Sex Workers Use ACPHR to Advance Their Rights

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Regional Correspondent Africa

African sex workers’ rights activists were recently trained on how work with regional, and international human rights processes in Port Louis, Mauritius. The goal of the training was to help sex workers’ right activists work with the African Commission on Human and People's Rights (ACPHR) as well as other human rights mechanisms including treaty bodies and conventions, to hold their countries accountable when their rights are violated.

The African Sex Workers Alliance (ASWA), in collaboration with the Leitner Center for International Law and Justice at Fordham Law School, and Mauritius’s premier sex work organization, Parapli Rouz, conducted this three-day training. Twenty-five delegates from 7 African countries were trained. The training was from November 9-11, 2015. The delegates will work with local, and regional human rights mechanisms from 2016 onwards. Rachel Gawases, a trans sex worker from Namibia, said the training allowed her to “align domestic and international human rights mechanisms in my advocacy work as an activist.”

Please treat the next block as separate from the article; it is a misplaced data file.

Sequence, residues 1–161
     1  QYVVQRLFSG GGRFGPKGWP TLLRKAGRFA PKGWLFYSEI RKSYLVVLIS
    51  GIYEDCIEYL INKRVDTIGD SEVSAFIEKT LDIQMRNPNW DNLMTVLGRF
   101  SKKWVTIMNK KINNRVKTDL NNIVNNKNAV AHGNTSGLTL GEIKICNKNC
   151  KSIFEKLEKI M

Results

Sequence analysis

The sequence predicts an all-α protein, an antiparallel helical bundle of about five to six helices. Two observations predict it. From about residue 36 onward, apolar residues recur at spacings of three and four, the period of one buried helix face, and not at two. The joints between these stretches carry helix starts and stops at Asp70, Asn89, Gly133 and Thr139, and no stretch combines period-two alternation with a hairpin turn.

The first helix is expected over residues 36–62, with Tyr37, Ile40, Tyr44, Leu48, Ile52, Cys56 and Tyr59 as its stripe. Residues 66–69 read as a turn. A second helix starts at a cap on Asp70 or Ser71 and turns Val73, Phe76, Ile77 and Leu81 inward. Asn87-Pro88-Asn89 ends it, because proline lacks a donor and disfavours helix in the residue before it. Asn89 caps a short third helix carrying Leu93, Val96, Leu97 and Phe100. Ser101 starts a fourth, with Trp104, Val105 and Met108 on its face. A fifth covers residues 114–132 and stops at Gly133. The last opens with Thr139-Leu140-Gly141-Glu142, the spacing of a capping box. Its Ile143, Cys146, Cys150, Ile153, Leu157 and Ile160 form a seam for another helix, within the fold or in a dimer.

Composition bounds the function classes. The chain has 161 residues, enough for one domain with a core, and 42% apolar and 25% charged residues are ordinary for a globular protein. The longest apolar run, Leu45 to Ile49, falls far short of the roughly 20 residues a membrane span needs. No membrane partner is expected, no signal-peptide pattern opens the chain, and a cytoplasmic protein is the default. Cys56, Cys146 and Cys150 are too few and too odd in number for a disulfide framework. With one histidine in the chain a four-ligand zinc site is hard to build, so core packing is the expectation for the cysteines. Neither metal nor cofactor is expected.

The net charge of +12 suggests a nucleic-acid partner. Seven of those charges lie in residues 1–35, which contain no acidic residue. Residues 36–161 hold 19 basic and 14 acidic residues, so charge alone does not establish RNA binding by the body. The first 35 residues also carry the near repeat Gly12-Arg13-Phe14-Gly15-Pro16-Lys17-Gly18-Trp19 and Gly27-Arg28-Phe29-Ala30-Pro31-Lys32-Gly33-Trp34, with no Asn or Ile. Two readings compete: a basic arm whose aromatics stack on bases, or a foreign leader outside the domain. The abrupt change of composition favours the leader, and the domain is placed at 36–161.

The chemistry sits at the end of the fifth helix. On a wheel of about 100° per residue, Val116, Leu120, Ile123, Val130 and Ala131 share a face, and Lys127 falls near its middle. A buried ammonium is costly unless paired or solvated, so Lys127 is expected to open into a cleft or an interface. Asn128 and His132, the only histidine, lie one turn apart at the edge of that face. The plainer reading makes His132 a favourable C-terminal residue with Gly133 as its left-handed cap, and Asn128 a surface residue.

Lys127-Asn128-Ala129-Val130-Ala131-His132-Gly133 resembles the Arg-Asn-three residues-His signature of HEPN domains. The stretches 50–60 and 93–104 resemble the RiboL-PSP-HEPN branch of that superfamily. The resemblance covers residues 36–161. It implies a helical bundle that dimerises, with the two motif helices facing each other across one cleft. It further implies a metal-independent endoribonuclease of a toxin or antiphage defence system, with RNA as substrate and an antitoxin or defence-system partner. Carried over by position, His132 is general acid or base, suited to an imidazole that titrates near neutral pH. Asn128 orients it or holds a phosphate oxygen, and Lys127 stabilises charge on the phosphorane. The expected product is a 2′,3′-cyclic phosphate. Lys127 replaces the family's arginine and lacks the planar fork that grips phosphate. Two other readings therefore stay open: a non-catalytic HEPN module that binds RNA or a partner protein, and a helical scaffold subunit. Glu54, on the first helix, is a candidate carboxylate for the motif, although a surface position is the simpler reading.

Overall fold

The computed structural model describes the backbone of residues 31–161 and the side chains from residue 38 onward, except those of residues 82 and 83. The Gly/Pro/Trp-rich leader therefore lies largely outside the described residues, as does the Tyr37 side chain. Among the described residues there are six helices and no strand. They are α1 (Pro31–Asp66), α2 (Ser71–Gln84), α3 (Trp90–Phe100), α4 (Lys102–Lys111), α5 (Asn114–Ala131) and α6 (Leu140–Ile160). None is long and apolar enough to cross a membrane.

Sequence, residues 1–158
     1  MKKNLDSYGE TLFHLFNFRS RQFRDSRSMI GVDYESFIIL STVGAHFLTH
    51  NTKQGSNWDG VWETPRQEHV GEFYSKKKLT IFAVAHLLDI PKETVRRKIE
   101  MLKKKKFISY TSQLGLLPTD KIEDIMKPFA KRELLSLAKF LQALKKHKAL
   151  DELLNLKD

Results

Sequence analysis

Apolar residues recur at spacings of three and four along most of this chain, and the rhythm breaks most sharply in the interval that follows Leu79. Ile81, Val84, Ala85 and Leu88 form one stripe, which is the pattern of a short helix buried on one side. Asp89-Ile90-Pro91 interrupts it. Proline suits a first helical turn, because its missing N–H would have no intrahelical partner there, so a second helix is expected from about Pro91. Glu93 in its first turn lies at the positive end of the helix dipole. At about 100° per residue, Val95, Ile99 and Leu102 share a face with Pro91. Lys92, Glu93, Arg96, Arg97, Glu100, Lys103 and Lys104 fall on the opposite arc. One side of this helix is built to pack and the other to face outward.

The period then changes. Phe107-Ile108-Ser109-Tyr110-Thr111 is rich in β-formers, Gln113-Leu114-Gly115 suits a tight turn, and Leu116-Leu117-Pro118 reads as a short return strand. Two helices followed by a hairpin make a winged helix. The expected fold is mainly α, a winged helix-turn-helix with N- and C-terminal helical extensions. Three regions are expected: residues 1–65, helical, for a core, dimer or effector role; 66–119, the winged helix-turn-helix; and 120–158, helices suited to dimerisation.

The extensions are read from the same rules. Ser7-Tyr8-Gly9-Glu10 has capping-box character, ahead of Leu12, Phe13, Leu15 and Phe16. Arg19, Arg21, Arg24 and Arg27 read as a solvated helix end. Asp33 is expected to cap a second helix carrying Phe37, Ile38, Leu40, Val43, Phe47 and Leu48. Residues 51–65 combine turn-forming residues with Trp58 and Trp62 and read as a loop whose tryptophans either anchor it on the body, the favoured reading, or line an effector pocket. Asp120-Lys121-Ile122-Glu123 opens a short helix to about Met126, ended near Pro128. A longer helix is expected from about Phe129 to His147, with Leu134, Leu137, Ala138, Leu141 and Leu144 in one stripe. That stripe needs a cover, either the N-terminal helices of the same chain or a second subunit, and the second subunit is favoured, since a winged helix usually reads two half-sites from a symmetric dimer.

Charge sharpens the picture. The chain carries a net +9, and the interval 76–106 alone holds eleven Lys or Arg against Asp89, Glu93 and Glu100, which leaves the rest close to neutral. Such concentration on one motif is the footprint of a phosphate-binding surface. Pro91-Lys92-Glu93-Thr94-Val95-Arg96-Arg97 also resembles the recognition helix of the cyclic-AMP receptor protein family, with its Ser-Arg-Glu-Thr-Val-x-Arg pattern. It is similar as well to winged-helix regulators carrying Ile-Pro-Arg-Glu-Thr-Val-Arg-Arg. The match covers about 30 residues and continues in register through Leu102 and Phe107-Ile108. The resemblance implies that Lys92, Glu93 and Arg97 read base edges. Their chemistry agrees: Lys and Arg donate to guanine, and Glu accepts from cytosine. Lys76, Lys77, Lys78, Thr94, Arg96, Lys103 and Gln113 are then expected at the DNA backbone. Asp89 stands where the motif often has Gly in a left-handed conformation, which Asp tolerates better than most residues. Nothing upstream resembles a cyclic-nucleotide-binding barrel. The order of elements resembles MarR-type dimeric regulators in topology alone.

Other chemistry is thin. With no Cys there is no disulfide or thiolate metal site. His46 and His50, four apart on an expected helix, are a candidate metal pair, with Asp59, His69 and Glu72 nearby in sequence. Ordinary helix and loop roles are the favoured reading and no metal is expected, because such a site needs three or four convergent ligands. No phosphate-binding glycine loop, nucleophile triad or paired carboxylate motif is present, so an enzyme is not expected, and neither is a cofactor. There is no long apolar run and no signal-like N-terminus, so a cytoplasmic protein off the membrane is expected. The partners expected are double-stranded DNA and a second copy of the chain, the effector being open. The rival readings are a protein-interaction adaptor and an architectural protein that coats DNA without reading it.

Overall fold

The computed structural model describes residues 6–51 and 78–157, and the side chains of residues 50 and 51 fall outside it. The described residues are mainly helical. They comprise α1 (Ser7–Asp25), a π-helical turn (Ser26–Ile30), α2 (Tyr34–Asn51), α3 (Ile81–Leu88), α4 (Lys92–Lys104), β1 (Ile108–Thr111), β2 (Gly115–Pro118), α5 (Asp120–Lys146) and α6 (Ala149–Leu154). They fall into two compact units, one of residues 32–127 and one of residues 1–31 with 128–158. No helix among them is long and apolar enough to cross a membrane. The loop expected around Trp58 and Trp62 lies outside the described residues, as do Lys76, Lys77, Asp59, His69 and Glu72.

“It also allowed me to understand each treaty and which specific rights they protect and monitor when my country reports are submitted to various committees so that we ensure sex workers voices are included.” Those who graduated from the training said they are now in a position to submit reports on sex workers to the various organisations that are there to protect their rights.

“The training was helpful and useful. I am now familiar with regional and international rights which I did not know mostly, and I am even planning a training for the whole staff so that they have the same knowledge,” said Tosh Legoreng from Botswana.